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Monday, June 27, 2016

MCDONNELL CONVICTION OVERTURNED

The United States Supreme Court (motto: "eight is enough") unanimously overturned the conviction of former Virginia Governor Robert McDonnell.

This conviction always troubled us. We had some very tangential contact with the defense- and the defense lawyers did a great job protecting the record for appeal. If you have a chance, read the opinion here. 

As DOM said on his blog, hopefully the fact that the U.S. Supreme Court had to first reverse the decisions of the District Court and Appellate Court in denying McDonnell an appellate bond will catch the attention of the lower courts. 

Getting an appellate bond in federal court these days is about as easy as finding a parking spot at the REGJB at 9:30 on a Monday morning. 

See you in court. Long weekend coming up. 

14 comments:

Anonymous said...

8-0. Says a lot. What is amazing is that an appellate court and trial court dismiss the appeal and it goes up and Thomas and Sotomayer are in agreement. Just makes me wonder how much thought the lower courts gave to this argument

Anonymous said...

Fascinating subject. Please, tell me more about this Gov McDonnell!

Anonymous said...

I smelling a victory part at The REN, a venue on Q street in DC this week.

Anonymous said...

Why does judicial candidate Elena Tauler refer to herself as "Dr." on her firm website? She only lists a JD, but no other degree at the doctoral level. Isn't this misleading and perhaps even runs afoul with the rules as it relates to misleading potential clients?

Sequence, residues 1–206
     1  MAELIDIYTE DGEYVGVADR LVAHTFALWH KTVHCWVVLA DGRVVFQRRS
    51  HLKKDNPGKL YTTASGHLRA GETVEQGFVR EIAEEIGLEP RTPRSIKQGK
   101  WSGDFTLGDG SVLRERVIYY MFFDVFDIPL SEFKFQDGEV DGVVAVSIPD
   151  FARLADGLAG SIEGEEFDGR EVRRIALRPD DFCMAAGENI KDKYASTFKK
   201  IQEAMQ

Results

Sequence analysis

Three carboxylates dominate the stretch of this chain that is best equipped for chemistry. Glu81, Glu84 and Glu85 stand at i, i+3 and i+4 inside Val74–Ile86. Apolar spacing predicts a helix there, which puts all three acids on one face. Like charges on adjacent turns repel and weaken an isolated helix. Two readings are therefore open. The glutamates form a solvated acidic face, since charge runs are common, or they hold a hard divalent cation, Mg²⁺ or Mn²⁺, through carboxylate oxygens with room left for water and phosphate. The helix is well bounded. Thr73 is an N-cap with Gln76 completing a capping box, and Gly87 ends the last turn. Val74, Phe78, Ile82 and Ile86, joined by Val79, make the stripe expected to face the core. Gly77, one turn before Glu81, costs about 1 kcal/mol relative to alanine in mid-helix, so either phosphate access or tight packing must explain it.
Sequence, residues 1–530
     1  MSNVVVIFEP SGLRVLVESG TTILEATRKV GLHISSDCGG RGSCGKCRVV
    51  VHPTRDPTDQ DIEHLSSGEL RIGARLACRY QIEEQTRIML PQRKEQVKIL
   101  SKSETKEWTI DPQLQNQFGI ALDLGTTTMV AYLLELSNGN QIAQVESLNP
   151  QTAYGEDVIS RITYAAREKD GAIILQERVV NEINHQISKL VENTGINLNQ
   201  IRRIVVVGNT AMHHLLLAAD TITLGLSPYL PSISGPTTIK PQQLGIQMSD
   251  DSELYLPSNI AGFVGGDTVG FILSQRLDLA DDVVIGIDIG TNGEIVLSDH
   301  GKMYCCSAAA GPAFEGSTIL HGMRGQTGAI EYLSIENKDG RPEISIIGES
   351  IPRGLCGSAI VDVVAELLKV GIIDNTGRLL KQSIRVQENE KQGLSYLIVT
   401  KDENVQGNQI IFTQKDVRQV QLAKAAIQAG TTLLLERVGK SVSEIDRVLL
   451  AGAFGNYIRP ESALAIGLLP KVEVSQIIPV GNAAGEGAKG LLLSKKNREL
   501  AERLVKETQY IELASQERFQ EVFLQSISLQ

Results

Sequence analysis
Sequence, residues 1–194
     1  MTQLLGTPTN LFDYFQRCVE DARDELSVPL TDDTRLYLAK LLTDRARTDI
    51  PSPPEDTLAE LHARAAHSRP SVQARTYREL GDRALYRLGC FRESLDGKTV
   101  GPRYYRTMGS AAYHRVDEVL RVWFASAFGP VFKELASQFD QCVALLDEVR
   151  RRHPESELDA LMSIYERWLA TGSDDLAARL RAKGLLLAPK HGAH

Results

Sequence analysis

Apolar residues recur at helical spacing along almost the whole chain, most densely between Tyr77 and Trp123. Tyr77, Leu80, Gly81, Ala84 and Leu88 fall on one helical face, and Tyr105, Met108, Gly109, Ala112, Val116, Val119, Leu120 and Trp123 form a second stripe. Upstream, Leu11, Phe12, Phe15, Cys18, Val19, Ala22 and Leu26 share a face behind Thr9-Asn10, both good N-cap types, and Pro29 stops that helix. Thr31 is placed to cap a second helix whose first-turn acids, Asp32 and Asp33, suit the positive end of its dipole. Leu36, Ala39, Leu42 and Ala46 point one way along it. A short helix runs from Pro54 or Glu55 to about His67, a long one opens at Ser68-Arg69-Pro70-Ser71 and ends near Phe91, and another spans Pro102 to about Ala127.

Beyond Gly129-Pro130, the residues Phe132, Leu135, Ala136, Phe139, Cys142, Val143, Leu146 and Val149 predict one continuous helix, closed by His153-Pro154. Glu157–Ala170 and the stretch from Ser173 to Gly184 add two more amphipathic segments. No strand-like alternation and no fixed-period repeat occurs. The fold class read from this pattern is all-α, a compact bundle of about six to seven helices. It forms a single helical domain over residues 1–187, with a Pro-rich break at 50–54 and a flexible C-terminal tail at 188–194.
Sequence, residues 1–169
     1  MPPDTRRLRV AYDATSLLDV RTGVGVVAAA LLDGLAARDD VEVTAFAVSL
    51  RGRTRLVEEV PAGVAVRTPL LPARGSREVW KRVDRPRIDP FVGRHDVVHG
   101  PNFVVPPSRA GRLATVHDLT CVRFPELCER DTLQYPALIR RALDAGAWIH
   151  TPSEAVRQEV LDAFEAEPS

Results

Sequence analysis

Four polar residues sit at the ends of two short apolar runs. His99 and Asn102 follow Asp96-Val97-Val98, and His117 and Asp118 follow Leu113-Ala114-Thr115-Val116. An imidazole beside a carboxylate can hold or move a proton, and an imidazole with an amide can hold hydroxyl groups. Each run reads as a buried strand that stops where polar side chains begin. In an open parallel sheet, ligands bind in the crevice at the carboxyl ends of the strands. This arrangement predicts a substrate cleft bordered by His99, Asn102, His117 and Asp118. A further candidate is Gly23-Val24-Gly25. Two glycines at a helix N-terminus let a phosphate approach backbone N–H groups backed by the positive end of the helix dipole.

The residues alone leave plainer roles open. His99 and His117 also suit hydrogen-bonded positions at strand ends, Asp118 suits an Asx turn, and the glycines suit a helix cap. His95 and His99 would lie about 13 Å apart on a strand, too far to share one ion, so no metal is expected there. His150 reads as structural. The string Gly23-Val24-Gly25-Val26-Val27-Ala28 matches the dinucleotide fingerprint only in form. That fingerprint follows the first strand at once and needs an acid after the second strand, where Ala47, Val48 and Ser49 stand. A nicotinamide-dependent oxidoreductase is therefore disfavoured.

I know of no other lawyer that does this, unless they hold another doctoral degree. This seems problematic.....Opine?

Anonymous said...

File a complaint

Anonymous said...

Could have an impact on the case against Senator Menendez as well

Anonymous said...

Among Cubans and many Latins, it is customary to address a person with a Juris Doctor degree as "doctor", just like the name of the degree. Puerto Ricans call lawyers "licenciado", that is, "bachelor" and Central Americans addiress them as "abogado" (attorney).

No Longer JAFI said...

Lawfare. Nice to see SCOTUS put a stop to it.

Anonymous said...

She had high hopes of becoming a doctor. Had to settle for a JD, which is Juris Doctor, thus she can call herself a doctor.

Hopefully she can call herself in 2nd place in this election as well...

Anonymous said...

Any lawyer that refers to themselves as A Dr with a JD alone is an idiot. Let's start referring to each other as Dr in court. That should be fun.

Anonymous said...

Receptionist: May I help you Dr...?
Fletch: Oh, it's me, Dr. Rosenpenis. I'm just here to check out Alan Stanwyk's file.
Receptionist: Dr. who?
Fletch: Dr. Rosenrosen, I'm here to get to the records room.
Receptionist: What was that name again?
Fletch: It's Dr. Rosen, I want to check the records room.
Receptionist: Dr. who?
Fletch: Dr. Rosen. Where's the records room?

Anonymous said...

In academia lawyers too often take the title "Dr." based on having a JD. St. Petersburg College, Florida Bar complaint dismissed. And another abuse of title, once a judge, always a judge. Lawyer was appointed judge to fill out a term, got defeated in the next election, insisted on being called judge, or your honor, in academia.

DMD said...

I have a 4 year BA from Adelphi University (NY); a further 1 year MA from Adelphi University; and then a further 3 year JD from NYU School of Law; to say nothing of 40 additional years of CLE and many other fully accredited post-graduate courses.
I feel that I have fully earned the title of Doctor. Why am I not entitled to be called "Doctor" after having earned that title by having completed fully 8 years plus of arduous post high school graduate education. I have earned that honorific with my own hard work, and I feel fully entitled to use and be addressed by my duly entitled and awarded Doctoral title whenever I deem the situation warrants such use. DMD

Anonymous said...

@DMD 12:21

Do lawyers think it is more prestigious to be called "Dr.", rather than "Esq.", "Attorney at Law" or an "Officer of the Court"? If so, why?